1. Okay, I've thought about this some more. It's still percolating, but I have the following questions.

    1. Since this will have such a strong impact on the regency/domain rules, what parts of the regency/domain rules do you see as *Important to Keep* or *Worthy to Keep?* I realize this is design-in-progress and things may change, but as a starting point, do you want to keep the actions? the general mathematical structure? every part of it? (Don't keep the NWPs. That would be silly. Adding 1-3 new skills might be feasible.) I don't see any of those as bad things, other than the NWPs. But a Bloodline stat on a 1-25 scale obviously behaves quite differently, math-wise, from Birthright's default 1-100 (?) scale. You could do worse than (4 * Bloodline Strength score) to repair the math.

    2. In review, I realized that ability scores have no way to factor into the general course of domain actions. Is there a reason that this is preferable, which I am overlooking? They are structured like DCs that you modify with Regency Points rather than anything else on your character sheet. The NWPs can throw the rest of the game's delicate balance into chaos - for example, Leadership is like getting one free Agitate action for a single province every domain turn. My point here is that I would personally like to see the domain actions retuned to factor in ability score bonuses. Historically, leaders gain reputations for cleverness, wisdom, charisma, whatever; I would like that to Mean Something in Birthright. (If that swings the balance too far away from fighter-types, that would be a problem to address separately.)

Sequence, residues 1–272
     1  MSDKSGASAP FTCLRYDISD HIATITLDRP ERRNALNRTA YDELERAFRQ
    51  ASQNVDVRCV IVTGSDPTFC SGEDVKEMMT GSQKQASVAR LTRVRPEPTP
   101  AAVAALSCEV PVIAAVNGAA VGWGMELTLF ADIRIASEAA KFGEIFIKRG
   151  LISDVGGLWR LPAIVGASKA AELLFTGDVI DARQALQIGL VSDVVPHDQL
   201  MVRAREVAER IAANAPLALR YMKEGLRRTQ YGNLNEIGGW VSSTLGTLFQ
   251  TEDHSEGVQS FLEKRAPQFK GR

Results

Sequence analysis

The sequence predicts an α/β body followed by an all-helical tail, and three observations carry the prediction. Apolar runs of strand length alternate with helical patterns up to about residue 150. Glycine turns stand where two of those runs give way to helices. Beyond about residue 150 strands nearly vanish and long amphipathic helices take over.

To preserve the usefulness of ability scores and add in Bloodline Strength as a component, I would allow regents to substitute Bloodline Strength for any other stat once per domain turn, or to add the Bloodline Strength modifier to a roll once per domain turn, or something along those lines.

  2. In response!

    1. I won't deny that the math is going to need a pretty heavy overhaul, but short of stapling on a bulky 2nd edition system straight onto 5th seems more fraught with pitfalls than rebalancing and remathing the actions, costs, etc.

    I would like to keep a majority of the actions, and give some of the old handwavey ones (like Decree) an actual measurable benefit. At least I believe it's decree, my books are Way Over There right now. You get what I mean though.

    I don't think new skills are explicitly needed, though I'll touch on that more later on.

    2. My initial feeling is that yes, the domain actions have target DCs you need to hit. I'll have to break down a few of the actions in particular and run a few simulations, but I believe you can still keep the dynamic of using RP to decrease the target DC, but those DCs should be bounded in keeping with 5th edition's difficulty curves.

    You could make the argument that Bloodline score acts like a special "proficiency bonus" that you add to relevant skill checks, but my current angle is it simply being its own ability check that can be applied to a number of skills. For example, the Espionage action could be a Bloodline (Deception) check. A Diplomacy check might be Charisma (Persuasion), but if your Charisma sucks, you might have the option to use Bloodline (Persuasion) once per domain turn, as you suggest; an option I really, really like, at that. :)